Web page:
Influence of distinct asthma phenotypes on lung function following weight loss in the obese

Publication Type:
Journal Article
Citation:
Respirology, 2014, 19 (8), pp. 1170 - 1177
Issue Date:
2014-01-01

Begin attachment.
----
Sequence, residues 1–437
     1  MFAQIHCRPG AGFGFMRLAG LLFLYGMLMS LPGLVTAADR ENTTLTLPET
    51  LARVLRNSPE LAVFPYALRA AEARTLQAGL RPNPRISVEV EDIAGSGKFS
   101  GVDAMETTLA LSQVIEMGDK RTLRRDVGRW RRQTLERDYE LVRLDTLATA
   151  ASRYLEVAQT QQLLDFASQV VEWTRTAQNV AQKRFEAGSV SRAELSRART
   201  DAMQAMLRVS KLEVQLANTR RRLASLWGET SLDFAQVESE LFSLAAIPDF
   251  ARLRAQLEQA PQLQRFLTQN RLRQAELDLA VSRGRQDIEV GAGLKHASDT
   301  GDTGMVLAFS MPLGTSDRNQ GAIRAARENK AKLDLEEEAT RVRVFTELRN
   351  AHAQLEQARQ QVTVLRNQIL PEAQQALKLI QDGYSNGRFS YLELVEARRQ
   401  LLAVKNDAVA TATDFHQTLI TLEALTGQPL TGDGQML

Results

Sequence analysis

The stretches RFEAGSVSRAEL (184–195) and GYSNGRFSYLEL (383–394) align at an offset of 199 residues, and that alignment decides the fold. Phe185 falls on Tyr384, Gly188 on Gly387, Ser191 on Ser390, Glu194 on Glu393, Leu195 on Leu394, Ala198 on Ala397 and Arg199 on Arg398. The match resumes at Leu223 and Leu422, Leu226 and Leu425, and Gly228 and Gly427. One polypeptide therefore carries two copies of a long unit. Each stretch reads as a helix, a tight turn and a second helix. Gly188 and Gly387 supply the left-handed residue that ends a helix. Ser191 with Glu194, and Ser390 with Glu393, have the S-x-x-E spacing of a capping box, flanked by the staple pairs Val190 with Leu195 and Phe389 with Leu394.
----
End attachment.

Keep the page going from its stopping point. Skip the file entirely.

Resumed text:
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© 2014 Asian Pacific Society of Respirology. Background and objective: There appears to be two distinct clinical phenotypes of obese patients with asthma - those with early-onset asthma and high serum IgE (TH2-high), and those with late-onset asthma and low serum IgE (TH2-low). The aim of the present study was to determine in the two phenotypes of obese asthma the effect of weight loss on small airway function. Methods: TH2-low (n = 8) and TH2-high (n = 5) obese asthmatics underwent methacholine challenge before and 12 months following bariatric surgery. Dose-response slopes as measures of sensitivity to airway closure and narrowing were measured as maximum % fall forced vital capacity (FVC) and forced expiratory volume in 1 s/FVC, respectively, divided by dose. Resting airway mechanics were measured by forced oscillation technique. Results: Weight loss reduced sensitivity to airway closure in TH2-low but not TH2-high obese asthmatics (pre-post mean change ± 95% confidence interval: 1.8 ± 0.8 doubling doses vs -0.3 ± 1.7 doubling doses, P = 0.04).However, there was no effect ofweight loss on the sensitivity to airway narrowing in either group (P = 0.8, TH2-low: 0.8 ± 1.0 doubling doses, TH2-high: -1.1 ± 2.5 doubling doses). In contrast, respiratory resistance (20 Hz) improved in TH2-high but not in TH2-low obese asthmatics (pre-post change median interquartile range: 1.5 (1.3-2.8) cmH2O/L/s vs 0.6 (-1.8-0.8) cmH2O/L/s, P = 0.03). Conclusions: TH2-low obese asthmatics appear to be characterized by increased small airway responsiveness and abnormalities in resting airway function that may persist followingweight loss.However, this was not the case for TH2-high obese asthmatics, highlighting the complex interplay between IgE status and asthma pathophysiology in obesity.
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